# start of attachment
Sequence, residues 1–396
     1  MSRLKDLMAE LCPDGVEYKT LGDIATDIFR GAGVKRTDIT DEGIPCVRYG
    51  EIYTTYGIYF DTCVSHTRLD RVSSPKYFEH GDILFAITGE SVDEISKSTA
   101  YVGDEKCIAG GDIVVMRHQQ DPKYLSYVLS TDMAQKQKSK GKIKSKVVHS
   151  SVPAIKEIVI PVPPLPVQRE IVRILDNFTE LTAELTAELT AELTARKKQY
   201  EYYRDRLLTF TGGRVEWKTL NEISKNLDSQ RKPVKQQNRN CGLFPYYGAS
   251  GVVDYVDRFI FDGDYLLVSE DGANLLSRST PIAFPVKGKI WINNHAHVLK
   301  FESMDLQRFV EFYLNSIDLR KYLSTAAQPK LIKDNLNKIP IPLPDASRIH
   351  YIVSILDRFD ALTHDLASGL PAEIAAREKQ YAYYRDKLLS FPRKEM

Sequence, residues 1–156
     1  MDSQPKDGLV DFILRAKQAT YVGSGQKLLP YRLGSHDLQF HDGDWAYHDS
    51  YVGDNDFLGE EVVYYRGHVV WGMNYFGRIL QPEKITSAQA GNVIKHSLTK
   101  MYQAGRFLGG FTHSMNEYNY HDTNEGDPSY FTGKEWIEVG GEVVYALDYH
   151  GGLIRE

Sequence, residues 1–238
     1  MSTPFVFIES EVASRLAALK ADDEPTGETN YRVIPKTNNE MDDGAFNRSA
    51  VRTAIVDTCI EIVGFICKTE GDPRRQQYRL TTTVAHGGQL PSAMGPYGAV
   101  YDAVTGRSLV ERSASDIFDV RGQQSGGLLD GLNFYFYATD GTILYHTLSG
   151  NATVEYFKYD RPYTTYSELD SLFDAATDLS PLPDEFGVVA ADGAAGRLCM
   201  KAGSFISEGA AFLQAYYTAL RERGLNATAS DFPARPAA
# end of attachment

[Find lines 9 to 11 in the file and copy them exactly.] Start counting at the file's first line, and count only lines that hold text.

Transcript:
   351  YIVSILDRFD ALTHDLASGL PAEIAAREKQ YAYYRDKLLS FPRKEM

Sequence, residues 1–156
     1  MDSQPKDGLV DFILRAKQAT YVGSGQKLLP YRLGSHDLQF HDGDWAYHDS